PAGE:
• To Maria Pergolino who taught me what inbound marketing was and how to run an event. She is a force of nature.
  • To Jason Miller who invented content marketing before my eyes. Incredibly creativity oozes from him.
  • To Heather Watkins and Liz Courter who were the best customer marketers I have known.
  • To Sandra Freeman who is the best field/event marketing person in the world – She took care of me at every Summit and I thank her for every memory.
  • To Jeff Cowan who will always be the “voice of god” at any event in my mind.
  • To Davis Lee – creative services counts as marketing damnit! (Nathan Brauer, you count too)
  • To Josh Hill who wrote a 800 page book on Marketo and inspired Docs.marketo.com
  • To Joelle Kaufman the best CMO (and general executive) I have ever met.
  • To Jason Seeba who continues to be the model for creativity and excellence in marketing.
  • To Kristen Malkovich who was the inspiration for Engagio Playmaker and Scout.
  • To Jessica Cross who said “Thank you for my career” and made my heart melt. This means more to me than you know and I will carry it with me forever.
  • To Grant Grigorian who trusted me to take his baby and rename it Dash.
  • To everyone I forgot to mention. I know there are tons of you.

It’s a sad moment, but I am excited to build a new thing. I’ll give more detail on that later.

I don’t know what the future will hold and how our paths may cross in the future. All I can hope is that each of us is inspired by the people we work with and continue to move the world forward.

Love, Glen

New iPad OS – Worse

My iPad asked me to update the OS. Unfortunately, it changed a whole mess of stuff that made the usage worse. Everything seems more complicated. Some first day thoughts:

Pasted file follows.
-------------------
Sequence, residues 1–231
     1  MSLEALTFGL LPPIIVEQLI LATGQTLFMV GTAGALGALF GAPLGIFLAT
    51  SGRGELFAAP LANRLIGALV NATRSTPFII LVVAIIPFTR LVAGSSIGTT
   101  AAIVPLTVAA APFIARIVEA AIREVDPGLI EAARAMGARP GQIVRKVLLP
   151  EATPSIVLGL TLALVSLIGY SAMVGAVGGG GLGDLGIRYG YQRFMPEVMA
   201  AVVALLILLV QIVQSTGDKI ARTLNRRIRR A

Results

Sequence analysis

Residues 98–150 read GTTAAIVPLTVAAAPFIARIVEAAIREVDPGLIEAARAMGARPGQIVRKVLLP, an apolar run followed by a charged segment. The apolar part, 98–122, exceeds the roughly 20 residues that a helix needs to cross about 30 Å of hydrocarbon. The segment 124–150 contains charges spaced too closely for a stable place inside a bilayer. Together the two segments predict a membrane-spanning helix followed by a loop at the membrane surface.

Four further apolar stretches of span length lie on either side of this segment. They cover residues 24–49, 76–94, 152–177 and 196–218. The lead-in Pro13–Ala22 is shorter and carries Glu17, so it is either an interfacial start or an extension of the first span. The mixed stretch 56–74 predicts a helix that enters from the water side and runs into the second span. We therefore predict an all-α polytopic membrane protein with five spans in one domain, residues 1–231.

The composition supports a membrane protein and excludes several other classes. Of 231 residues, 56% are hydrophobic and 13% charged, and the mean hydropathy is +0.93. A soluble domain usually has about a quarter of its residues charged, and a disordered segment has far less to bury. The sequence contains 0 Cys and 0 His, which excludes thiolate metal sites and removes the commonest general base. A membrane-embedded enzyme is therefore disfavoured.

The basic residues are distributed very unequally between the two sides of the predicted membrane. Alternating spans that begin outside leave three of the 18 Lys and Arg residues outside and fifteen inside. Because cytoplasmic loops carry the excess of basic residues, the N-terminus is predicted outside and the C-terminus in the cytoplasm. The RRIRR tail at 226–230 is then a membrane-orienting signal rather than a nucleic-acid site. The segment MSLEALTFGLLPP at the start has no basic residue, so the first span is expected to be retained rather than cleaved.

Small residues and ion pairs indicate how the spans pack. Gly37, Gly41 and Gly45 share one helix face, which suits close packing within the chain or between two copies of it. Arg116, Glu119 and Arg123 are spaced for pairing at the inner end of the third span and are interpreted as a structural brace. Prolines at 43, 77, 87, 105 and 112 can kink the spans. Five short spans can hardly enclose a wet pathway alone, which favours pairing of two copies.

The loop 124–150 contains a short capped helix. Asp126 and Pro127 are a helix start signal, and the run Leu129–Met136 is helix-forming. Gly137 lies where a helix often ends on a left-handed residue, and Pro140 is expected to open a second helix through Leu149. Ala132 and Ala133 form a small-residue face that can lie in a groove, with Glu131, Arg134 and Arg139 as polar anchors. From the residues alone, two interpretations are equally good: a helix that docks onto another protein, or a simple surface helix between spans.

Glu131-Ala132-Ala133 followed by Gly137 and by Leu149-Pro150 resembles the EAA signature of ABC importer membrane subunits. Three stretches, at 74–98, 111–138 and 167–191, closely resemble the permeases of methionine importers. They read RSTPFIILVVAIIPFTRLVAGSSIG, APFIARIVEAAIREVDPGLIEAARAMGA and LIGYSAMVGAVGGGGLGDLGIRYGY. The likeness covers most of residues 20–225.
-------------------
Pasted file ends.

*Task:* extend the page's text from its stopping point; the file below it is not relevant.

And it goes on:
1. I don’t want a more complicated dock at the bottom – I don’t want frequently used apps
  2. I don’t want to split screen
  3. I never ever want the video to play in a tiny window at the bottom. Never.
  4. I don’t want to 5-finger twist whatever gesture.
  5. I don’t want to pay money for iCloud so I can have apps that aren’t actually on my iPad.
  6. I DO want to adjust the brightness easily. I used to swipe up and adjust, now I need to tap 5 times in random places. Fail.
  7. I liked the Safari video controls on the top. I often watch the iPad while lying down on my back with the iPad on a pillow on my chest. Having the controls on the bottom make it harder to use.
  8. I don’t like Siri, fuck Siri. Sorry. “OK, Google and Alexa, can you get rid of Siri?”
  9. I don’t like the bizarre screen of recent things that I don’t know how it got there or how to make it go away.

On the flip side, the graphics look nice.

Ultimately, the product was doing fine for me. I didn’t need any new features. Sometimes, you just leave it alone and work on other products. People who wanted that shit are power users. Power users can ruin a product if you aren’t careful.

I’ll see if I get used to it, but right now I feel like Cynthia Nixon from Let it Ride.

I am pretty cheesed off about that jockey falling off that damn horse, Sid.

If you get it, I Iove you. If not, you are missing out on a great movie.

LinkedIn’s Windows 10 App

I use Windows 10.

But Glen, you are a designer, why don’t you use Macs?!? – Everyone

Here are my answers since everyone brings it up:

  1. I’ve been using Microsoft operating systems since 1986. I’ve beta tested every OS they have ever released including Windows ME (Yuck!)
  2. Most of the world (and about 35% of my users ) have Windows. All of the engineers here use Macs, so SOMEONE should be looking at the product the way that our customers do.
  3. I see no benefit to switching. The Mac
    1. doesn’t have better software for me,
    2. isn’t faster for me,
    3. doesn’t have better peripherals for me,
    4. isn’t a better UX for me.

I think too many people (sheeple!) follow the trends. It doesn’t matter if you use Linux, Windows, Chromebook or Mac. Use whatever you are comfortable with and gets the job done.

OK, but the point of this blog post are Windows 10 apps. Again, I have used Windows for 30+ years and I can confidently say:

Windows 10 Apps are stupid – Glen Lipka

I’m sorry, they are just terrible. They are like Microsoft Bob. A cute interesting experiment, but ultimately, a bad idea. Hardly anyone uses them on regular basis, especially in a work environment.

So why did LinkedIn make a Windows app?  Well, I guess the answer is obvious. Because they got acquired by Microsoft, duh. However, look at the details of the app. Here they are, side-by-side: